The European Commission (EC) has initiated a wide-ranging study which aims to bring a decision on the most appropriate type of datalink for key air traffic management (ATM) applications closer.

Designated the "datalink roadmap", the year-long study is an attempt to develop a plan for deployment of datalink applications and technologies for European ATM, and to draw up a strategy for future implementation programmes.

Unveiled at the ATC Maastricht 2002 event in the Netherlands last week, the €500,000 ($437,000) study comes under the EC Single European Sky programme.

EC transport officials have selected a consortium led by UK-based ATM consultancy group Helios Technology to conduct the work. Helios is being supported by partners including Airbus and the International Air Transport Association, French ATM development firm Sofreavia, Danish group Integra Consult and the University of Leiden. The consortium will co-operate with Eurocontrol.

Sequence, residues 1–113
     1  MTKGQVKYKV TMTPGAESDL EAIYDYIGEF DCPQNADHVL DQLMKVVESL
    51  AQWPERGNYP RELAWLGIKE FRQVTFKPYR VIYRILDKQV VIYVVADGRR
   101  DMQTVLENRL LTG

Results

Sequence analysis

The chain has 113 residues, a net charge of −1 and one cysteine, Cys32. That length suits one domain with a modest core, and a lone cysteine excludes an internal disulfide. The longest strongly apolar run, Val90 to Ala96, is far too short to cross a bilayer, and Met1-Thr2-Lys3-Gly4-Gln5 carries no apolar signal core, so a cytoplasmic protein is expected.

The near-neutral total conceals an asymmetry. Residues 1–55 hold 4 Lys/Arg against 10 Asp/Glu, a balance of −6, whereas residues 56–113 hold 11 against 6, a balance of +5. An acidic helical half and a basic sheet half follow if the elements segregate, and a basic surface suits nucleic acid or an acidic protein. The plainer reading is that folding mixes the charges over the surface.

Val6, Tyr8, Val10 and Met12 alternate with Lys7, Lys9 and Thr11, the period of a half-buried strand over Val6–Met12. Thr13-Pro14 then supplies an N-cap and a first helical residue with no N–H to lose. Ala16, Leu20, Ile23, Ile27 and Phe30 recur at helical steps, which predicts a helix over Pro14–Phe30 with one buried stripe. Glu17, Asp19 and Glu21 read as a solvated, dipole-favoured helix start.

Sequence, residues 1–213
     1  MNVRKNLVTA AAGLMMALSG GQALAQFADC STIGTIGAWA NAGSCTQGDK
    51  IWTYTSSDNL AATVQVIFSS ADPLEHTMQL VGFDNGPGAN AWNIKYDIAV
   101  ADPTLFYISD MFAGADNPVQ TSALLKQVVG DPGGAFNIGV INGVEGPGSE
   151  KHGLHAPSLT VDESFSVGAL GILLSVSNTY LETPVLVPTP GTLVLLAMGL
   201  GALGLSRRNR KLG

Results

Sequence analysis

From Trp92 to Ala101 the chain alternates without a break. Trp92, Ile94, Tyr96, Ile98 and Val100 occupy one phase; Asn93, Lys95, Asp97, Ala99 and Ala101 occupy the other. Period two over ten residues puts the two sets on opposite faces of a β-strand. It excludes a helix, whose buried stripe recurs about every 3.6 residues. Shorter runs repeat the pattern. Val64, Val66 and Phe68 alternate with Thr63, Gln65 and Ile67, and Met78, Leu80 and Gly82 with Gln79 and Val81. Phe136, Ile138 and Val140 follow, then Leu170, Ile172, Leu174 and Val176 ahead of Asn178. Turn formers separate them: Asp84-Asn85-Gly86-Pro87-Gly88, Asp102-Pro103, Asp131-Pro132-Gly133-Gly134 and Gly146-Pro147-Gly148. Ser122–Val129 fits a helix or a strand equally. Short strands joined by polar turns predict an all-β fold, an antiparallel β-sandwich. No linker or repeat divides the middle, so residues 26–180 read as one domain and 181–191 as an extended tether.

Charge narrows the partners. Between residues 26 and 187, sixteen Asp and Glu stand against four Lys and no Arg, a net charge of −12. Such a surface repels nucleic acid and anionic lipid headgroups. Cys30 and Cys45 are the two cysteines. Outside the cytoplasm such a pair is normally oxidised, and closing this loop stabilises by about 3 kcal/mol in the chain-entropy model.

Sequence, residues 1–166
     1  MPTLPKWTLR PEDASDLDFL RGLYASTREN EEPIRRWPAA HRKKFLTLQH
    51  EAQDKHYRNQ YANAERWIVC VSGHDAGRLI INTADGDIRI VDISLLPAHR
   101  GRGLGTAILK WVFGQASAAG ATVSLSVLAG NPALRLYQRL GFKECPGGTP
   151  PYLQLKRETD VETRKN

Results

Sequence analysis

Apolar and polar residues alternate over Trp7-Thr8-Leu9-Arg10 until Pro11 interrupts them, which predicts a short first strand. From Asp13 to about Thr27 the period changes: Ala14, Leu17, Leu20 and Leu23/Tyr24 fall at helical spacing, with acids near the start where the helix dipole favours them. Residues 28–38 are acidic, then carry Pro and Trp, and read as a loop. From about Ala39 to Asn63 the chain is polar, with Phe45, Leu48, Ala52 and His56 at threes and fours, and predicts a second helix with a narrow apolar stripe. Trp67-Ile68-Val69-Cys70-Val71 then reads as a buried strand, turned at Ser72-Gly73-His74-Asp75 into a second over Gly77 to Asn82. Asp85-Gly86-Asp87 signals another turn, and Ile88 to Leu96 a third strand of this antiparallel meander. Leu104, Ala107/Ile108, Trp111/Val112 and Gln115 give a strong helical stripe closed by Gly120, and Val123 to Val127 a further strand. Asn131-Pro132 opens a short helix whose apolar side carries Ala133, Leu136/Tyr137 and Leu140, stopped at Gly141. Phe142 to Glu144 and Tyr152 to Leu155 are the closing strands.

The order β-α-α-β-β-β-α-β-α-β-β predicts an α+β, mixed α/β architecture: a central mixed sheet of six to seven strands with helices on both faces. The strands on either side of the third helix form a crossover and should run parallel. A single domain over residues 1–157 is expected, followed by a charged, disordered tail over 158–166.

The two-phase programme will look at applications which will deliver benefits and decide which datalink to use, says Helios' senior consultant Paul Ravenhill. Selecting datalink standards which would be acceptable to all stakeholders is one of the main obstacles in the development of a future European ATM system. In addition to Mode-S, VHF digital Mode 2, 3 and 4, and high-frequency datalink (HFDL) there is a myriad of alternative specialised links, including broadband satellite communications, which will also be considered.

Priority will be given to technologies which the International Civil Aviation Organisation's Aeronautical Mobile Communications Panel has investigated. "But it is key that we don't get into the technical question too early. We don't want technology to drive the applications," says Ravenhill.

The study will involve extensive consultation with all stakeholders - including air traffic services providers, airspace associations and manufacturers - and proposals are set to be discussed at two public forums in May and October.

Source: Flight International